Stable Embedded Grid Techniques in Computational Mechanics

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Engineering mechanics problems involving interfaces, whether physical or introduced by numerical methodologies, are commonplace.  Just a few examples include fracture and fault mechanics, classical contact-impact, phase boundary propagation, and fluid-structure interaction.  This dissertation focuses on issues of numerical stability and accuracy that must be addressed when such interfaces are included in a realistic simulation of a physical system. 

We begin by presenting a novel numerical method of fluid/structure interaction that may be applied to the problem of movable devices and ocean waves. The work is done with finite differences, large motion Lagrangian mechanics, and an eye towards creating a model in which complex rigid body dynamics can be incorporated.

We then review the many advantages of embedded mesh techniques for interface representation, and investigate a completely finite element based strategy for embedding domains. The work is seen as a precursor to robust multi-physics simulation capabilities.  Special attention must be given to these techniques in terms of stable and convergent representation of surface fluxes.  Mesh locking and over-constraint are particularly addressed.   We show that traditional methods for enforcing continuity at embedded interfaces cannot adequately guarantee flux stability, and show a less traditional method, known as Nitsche's method, to be a stable alternative. We address the open problem of applying Nitsche's method to non-linear analysis by drawing parallels between the embedded mesh and discontinuous Galerkin (DG) methods, and propose a DG style approach to Nitsche's method. We conclude with stable interfacial fluxes for a continuity constraint for a case of embedded finite element meshes in large deformation elasticity. The general conclusion is drawn that stability must be addressed in the choice of interface treatment in computational mechanics.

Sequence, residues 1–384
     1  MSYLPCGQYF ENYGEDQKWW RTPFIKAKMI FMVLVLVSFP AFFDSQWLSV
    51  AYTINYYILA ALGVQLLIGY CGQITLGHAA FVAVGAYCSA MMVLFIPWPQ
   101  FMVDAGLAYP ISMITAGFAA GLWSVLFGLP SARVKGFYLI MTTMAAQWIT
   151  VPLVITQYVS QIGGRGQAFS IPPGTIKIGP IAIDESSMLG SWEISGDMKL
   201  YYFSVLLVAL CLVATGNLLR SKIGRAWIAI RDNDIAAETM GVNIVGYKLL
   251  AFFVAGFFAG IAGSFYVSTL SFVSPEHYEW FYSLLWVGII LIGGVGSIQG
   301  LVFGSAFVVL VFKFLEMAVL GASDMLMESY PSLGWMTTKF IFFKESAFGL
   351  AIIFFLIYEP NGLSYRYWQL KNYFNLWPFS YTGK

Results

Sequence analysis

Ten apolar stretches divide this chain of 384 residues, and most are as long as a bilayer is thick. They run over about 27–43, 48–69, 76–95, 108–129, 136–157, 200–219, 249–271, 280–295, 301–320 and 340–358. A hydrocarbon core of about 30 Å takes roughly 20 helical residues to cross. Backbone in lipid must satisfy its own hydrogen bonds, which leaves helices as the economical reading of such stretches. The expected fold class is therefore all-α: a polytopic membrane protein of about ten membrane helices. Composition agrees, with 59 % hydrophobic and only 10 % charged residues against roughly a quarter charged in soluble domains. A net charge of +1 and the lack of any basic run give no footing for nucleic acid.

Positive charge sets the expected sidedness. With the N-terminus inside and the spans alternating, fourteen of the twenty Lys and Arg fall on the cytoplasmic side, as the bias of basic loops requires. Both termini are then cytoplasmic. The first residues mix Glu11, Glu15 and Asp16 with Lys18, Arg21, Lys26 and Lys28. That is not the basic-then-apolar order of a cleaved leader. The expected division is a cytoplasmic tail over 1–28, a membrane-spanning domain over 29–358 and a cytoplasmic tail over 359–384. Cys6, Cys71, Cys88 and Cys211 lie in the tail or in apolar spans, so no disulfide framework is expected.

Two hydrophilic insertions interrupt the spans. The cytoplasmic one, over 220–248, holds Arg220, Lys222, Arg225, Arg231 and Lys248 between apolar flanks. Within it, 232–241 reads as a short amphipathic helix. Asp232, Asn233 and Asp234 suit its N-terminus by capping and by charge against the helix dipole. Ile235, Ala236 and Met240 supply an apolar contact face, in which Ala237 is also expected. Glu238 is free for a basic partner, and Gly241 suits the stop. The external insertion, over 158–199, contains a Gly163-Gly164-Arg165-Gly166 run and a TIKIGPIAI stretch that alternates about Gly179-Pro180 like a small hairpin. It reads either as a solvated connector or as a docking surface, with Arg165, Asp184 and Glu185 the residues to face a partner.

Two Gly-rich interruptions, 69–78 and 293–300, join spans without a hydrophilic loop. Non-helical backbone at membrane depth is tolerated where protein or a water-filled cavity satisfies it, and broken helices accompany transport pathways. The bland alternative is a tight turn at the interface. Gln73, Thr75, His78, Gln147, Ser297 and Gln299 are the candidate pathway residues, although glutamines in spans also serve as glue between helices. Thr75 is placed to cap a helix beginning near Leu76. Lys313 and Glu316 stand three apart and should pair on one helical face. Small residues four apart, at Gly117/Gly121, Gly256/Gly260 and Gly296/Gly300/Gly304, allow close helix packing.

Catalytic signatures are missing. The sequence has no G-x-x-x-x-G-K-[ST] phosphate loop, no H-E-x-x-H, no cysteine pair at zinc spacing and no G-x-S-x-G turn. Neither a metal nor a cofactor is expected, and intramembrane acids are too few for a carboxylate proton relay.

Sanders, Jessica (2010). Stable Embedded Grid Techniques in Computational Mechanics. Dissertation, Duke University. Retrieved from


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